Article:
The Rev. Emily Flemming, in her first pastoral appointment and with a 4-month old baby, found herself having to flee Lyons, Colo., this weekend because of epic flooding that took out bridges and roads and shut down utilities and the local water system.
She’d done all she could to help residents before authorities gave a general evacuation order. Now it could be weeks or longer before she’s able to get back to her family’s residence and open Lyons Community (United Methodist) Church again for worship.
“I told my husband, `We’re homeless,’” Flemming said. “He said, `No, we’re town-less.’”
Across the Denver area, particularly the Front Range communities by and in the Rocky Mountains, United Methodists are coming to terms with damage sustained and needs to be addressed.
The Rev. Scott Schiesswohl, 59-year-old pastor of St. Paul’s United Methodist Church in Boulder, is a fifth-generation Coloradoan who has seen major floods and wildfires grip the state.
But he’s shaken by the flooding that began Wednesday and continued through Sunday, destroying bridges and roads and cutting off whole communities.
“It’s the worst disaster we’ve faced in my time in ministry,” he said.
Touched by death of teens
The flood-related death toll stood at seven Monday, though officials said hundreds of others remained unaccounted for.
Though no United Methodists were known to have died or suffered major injuries, Schiesswohl’s church was touched by the much-publicized drownings of two teens in a flash flood early Thursday.
According to news reports, Wesley Quinlan, 19, died in a futile effort to save his girlfriend, Wiyanna Nelson, also 19. Quinlan’s grandmother is Mildred Coleman, 99, a lifelong member of St. Paul’s United Methodist Church.
“She obviously is quite devastated by his loss and especially under the circumstances,” Schiesswohl said.
St. Paul’s United Methodist had major flooding in its basement, damaging the offices of various church ministries as well as choir robes.
But on Sunday, even as rain continued, the church held worship. A service that usually draws from 80 to 100 drew about 65. Among them was Denver Area Bishop Elaine J.W. Stanovsky.
“Her presence represents the whole church praying for us and being connected to us,” Schiesswohl said.
The pastor estimated that at least a third of his congregation faces flood damage at home. His parsonage was so hard hit that he’s moved into a camper trailer in the driveway. He lost his home office, which included photos and other memorabilia of his late daughter, Leslie, his personal library and research materials he used for his doctoral dissertation.
Schiesswohl said he and his congregants have fared better than many. Still, he changed his Sunday sermon to address the feelings of loss.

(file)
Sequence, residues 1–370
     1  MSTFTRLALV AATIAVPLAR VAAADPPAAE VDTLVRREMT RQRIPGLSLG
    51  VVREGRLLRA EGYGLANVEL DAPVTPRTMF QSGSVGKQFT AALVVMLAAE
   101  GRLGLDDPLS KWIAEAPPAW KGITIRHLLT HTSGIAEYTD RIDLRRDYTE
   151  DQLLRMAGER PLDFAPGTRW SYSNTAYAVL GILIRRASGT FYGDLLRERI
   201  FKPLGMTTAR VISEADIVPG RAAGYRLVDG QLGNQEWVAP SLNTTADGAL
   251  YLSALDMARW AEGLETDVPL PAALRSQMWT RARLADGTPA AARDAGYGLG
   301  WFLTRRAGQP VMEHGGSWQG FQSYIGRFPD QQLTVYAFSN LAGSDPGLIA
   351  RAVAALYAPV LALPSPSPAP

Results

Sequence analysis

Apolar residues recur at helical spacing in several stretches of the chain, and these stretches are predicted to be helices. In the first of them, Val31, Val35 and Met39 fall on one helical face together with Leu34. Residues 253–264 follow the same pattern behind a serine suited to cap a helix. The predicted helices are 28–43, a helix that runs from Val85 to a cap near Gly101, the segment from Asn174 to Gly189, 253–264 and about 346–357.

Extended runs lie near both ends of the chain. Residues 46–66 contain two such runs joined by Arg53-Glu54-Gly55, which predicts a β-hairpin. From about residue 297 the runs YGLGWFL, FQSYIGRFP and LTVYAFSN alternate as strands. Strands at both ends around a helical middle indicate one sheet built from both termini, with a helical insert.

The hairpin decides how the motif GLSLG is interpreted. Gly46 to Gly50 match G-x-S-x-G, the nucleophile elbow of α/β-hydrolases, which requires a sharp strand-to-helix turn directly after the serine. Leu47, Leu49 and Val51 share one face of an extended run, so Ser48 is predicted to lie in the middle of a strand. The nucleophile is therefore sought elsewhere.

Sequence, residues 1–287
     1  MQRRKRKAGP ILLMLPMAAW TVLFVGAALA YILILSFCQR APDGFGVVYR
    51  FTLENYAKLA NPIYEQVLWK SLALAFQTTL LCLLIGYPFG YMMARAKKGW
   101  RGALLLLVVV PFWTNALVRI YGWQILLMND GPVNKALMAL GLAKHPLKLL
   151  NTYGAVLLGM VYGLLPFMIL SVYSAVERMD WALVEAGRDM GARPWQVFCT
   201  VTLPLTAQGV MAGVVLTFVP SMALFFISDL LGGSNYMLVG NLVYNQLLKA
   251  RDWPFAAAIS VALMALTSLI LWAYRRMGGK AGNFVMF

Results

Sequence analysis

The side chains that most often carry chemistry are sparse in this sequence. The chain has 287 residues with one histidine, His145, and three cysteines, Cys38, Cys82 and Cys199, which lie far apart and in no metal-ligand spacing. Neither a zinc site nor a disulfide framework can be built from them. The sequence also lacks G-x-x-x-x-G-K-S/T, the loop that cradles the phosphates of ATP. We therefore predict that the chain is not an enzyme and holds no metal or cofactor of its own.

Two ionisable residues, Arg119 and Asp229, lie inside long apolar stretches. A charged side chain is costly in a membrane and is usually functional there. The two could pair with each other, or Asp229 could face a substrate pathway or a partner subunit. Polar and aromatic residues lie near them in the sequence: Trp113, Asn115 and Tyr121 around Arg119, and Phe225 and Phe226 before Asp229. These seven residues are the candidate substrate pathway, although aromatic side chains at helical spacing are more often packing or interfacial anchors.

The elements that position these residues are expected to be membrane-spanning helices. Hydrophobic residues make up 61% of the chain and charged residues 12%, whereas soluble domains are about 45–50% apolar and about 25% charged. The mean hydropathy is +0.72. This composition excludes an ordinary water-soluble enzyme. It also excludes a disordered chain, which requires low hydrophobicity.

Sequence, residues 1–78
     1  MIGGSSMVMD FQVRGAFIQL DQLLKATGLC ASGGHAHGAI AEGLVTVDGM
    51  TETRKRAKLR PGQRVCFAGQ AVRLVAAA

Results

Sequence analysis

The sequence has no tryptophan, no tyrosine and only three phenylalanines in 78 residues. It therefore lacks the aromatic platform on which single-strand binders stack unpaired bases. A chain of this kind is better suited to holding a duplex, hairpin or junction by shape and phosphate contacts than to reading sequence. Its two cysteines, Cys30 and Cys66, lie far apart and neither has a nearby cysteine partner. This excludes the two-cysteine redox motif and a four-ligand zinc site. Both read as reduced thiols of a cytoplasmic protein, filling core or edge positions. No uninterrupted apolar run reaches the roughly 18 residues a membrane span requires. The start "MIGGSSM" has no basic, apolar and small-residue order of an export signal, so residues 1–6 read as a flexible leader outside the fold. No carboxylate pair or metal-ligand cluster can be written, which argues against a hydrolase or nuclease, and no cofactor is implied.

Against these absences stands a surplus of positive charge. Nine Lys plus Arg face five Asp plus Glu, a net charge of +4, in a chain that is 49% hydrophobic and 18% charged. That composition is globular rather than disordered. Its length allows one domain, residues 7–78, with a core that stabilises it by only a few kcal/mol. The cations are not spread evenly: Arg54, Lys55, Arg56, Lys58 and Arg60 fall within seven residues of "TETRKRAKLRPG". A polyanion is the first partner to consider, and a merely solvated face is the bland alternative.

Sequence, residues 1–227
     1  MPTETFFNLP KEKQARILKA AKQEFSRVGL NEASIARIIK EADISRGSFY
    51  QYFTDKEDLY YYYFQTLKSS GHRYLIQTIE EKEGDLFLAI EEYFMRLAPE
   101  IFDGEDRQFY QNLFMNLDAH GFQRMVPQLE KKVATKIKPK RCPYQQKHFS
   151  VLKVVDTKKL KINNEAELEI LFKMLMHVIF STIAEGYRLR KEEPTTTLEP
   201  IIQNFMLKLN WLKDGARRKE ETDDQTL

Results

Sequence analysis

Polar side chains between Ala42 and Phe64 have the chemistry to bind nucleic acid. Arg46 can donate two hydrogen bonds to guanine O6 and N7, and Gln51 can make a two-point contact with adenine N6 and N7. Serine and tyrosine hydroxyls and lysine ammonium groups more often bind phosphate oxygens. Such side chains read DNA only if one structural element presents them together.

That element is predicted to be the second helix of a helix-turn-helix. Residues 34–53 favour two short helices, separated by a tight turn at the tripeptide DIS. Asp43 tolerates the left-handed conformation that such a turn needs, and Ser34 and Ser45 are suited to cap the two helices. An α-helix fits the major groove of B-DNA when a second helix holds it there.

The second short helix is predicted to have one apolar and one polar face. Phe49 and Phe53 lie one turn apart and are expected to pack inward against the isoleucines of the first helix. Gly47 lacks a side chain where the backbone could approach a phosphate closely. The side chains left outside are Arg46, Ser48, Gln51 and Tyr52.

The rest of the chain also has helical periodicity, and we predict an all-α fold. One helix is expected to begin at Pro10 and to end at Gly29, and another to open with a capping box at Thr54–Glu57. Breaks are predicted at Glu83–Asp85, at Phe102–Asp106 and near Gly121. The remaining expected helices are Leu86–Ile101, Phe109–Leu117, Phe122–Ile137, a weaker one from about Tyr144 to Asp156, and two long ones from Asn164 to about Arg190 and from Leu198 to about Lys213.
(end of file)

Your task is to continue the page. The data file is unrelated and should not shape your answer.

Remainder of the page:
“We have to let go of our past, and we don’t know what our future holds,” he said, summarizing the message. “We just have to be in the moment and present with God as we walk through these terrible situations.”
Though the community of Lyons has been evacuated, the United Methodist Church there came appears to have come through with no damage, except to doors that swelled so from humidity that they became next-to-impossible to open.
“I called the trustees and said, `I think we’re secure,’” Flemming said, laughing at the one unexpected benefit of the flooding.
Flemming had opened Lyons Community Church as a relief center about 2 a.m. Thursday, as the seriousness of the flooding became clear.
“Those first few hours were people streaming in soaking wet,” she said. “They’d woken up with water lapping at their beds. They showed up at the church in their pajamas.”
Within a few hours, authorities had moved those at the church to an evacuation center. Flemming continued to volunteer through Saturday, when she and her family had to leave with other residents. The town had lost power and its water supply, and various bridges and roads were out of service.
She and baby daughter Lillian are staying in Denver. Her husband is part of a National Park Service response team working in flood-damaged areas.
When they’ll get back to Lyons is unclear. She’s heard estimates ranging from two weeks to three months.
“We’re not sure how many structures are compromised, how many bridges might be broken,” Flemming said.
Assessment still going on
Another town essentially cut off by flooding is Estes Park. The Rev. Walter “Skip” Strickland, superintendent of the Peaks and Plains District, said Monday that he’d had an email from the pastor of the United Methodist Church of Estes Park, the Rev. Donna Patterson, saying the church building had escaped serious damage.
Rocky Mountain Annual (regional) Conference officials reported various other churches with a range of flood-related issues, and in some cases, assessments still were going on.
The Rev. Nancy Boswell is pastor of Christ United Methodist Church in Fort Collins and serves as a relief official for her district. She said the United Methodist Committee on Relief (UMCOR) is sending cleaning buckets to a distribution center is Loveland, Co.
For now, Boswell is encouraging United Methodists who want to help to give to UMCOR or the Rocky Mountain Conference’s relief fund.
“There will be plenty for us to do in the coming weeks and months,” she said.
On Monday, Highlands United Methodist Church in Denver used Facebook and other means to ask for contributions for cleaning buckets.
“I saw four different folks drop things off just in the first three hours of this morning,” said the Rev. Bradley Laurvick, pastor. “I am excited and hopeful for what will be a blessed and generous week of outreach and service with our entire community.”
*Hodges, a United Methodist News Service writer, lives in Dallas. Contact him at (615) 742-5470 or [email protected].
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